WASHINGTON – The food police are at it again. The Center for Science in the Public Interest has named what it calls “The Worst Restaurant Meal in America.”
And it is the “Big Catch” with onion rings from Long John Silver’s. The “Big Catch” meal includes battered and fried haddock and sides of onion rings and hush puppies.
Calling it an artery clogger and “quite possibly the most harmful meal being consumed anywhere in the country,” CSPI Executive Director Michael Jacobson and the consumer group base the ranking on excessive levels of saturated fat, sodium and transfat.
The “Big Catch” has 3,700 mg of sodium, 19 grams of saturated fat and 33 grams of artificial transfat.
In a statement, Long John Silver’s defended the meal and said the temporary special includes a wild-caught whitefish that is three times the size of a typical uncooked whitefish served at its restaurants.
Long John Silver’s also said that customers don’t have to pair the fish with hushpuppies or onion rings but can choose among corn, green beans, rice, cole slaw or fries.
“We stand behind our published food data and will review any requests from CSPI that raise questions about our data,” the statement said.
The the American Heart Association recommends people consume less than 2 grams of trans fats a day.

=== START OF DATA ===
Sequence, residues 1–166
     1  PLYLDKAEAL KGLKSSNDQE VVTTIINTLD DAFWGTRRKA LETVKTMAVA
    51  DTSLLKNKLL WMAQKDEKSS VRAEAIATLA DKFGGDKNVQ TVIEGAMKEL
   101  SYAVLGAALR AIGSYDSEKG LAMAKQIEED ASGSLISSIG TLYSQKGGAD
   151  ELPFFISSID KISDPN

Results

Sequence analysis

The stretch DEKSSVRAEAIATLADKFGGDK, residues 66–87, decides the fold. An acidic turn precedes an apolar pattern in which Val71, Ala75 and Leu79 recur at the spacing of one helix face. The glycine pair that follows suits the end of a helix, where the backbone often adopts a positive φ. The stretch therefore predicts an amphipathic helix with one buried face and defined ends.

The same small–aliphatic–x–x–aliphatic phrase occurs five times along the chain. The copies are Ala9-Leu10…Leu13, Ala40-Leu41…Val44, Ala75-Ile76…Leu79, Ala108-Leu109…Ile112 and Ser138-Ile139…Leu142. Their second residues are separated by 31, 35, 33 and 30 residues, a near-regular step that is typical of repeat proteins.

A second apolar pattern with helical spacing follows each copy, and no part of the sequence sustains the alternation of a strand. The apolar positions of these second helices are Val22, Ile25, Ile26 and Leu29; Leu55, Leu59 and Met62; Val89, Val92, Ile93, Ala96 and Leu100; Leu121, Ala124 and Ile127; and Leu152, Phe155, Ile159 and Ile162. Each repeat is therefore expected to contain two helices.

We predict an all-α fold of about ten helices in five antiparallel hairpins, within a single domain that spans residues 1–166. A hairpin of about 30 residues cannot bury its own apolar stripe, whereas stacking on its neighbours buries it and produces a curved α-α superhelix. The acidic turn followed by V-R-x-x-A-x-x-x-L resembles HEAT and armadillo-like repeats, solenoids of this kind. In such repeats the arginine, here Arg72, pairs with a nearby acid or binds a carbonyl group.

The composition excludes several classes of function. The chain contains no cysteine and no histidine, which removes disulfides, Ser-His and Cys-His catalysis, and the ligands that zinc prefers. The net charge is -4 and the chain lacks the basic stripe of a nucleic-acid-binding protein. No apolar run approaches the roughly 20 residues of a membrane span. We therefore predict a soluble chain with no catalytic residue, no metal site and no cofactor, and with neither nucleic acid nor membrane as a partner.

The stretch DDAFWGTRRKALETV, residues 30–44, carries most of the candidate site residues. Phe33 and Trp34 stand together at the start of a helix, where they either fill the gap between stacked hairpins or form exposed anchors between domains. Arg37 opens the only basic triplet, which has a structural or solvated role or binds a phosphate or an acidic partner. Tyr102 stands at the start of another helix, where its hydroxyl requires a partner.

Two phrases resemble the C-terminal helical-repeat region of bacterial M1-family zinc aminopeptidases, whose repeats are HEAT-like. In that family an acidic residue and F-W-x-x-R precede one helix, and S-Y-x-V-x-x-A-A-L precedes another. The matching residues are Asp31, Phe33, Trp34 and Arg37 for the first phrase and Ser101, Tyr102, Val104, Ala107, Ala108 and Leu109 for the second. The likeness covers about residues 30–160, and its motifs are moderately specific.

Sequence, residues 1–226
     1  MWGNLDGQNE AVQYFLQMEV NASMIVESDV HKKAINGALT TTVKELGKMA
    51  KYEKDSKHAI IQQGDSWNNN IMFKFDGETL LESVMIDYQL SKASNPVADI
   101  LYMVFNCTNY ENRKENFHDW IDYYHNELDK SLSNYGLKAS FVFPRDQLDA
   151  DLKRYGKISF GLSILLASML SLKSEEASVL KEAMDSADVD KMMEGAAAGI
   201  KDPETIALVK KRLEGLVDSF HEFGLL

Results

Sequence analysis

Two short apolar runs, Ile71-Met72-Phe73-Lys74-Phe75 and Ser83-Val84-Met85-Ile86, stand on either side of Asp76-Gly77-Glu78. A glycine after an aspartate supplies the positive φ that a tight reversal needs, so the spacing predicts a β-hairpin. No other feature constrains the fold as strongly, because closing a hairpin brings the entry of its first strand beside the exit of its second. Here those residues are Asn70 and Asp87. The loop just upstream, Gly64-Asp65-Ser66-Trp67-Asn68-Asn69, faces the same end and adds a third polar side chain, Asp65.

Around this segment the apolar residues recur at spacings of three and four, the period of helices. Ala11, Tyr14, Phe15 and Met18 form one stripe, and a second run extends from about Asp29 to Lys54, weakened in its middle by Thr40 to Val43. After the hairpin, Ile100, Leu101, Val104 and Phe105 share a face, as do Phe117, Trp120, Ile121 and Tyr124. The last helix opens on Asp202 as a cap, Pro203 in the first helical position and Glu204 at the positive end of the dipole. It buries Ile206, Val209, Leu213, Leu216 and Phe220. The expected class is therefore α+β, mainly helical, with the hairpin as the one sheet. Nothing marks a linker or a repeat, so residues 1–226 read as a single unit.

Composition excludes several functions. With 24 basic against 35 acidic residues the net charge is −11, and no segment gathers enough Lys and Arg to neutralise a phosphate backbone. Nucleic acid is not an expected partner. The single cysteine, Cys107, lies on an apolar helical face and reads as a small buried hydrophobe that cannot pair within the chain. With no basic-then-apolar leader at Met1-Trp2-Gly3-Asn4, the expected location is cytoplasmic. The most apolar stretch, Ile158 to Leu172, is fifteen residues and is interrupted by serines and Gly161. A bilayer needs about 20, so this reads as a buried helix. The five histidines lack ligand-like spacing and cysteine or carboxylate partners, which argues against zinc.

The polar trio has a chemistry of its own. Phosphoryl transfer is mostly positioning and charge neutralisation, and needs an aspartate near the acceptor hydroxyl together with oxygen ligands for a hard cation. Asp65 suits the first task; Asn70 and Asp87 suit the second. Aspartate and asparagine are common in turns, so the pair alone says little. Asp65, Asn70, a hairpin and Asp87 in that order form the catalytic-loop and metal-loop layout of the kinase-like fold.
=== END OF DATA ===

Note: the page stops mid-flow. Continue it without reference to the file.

The “Big Catch” with 19 grams of saturated fat exceeds the 16 gram daily maximum recommended by the American Heart Association.
Transfat is recognized as particularly unhealthy because it raises “bad” (LDL) cholesterol and lowers “good” (HDL) cholesterol levels according to the Mayo Clinic.
For perspective on transfat levels in the “Big Catch” meal, WEBmd notes butter has 0.3 grams of transfat per tablespoon and there are eight tablespoons in a stick of butter.
The Center for Science in the Public Interest says an easy way to cut transfats is to use healthier canola oil, which Long John Silver does use by law in its California locations. The Center has sent a warning letter to Long John Silver’s threatening to sue unless it discontinues use of transfat.
McDonald’s, Wendy’s and Burger King are among national food chains that already have limited transfat use to near zero.
Long Johns Silver’s has about a dozen locations in the Metro D.C. area.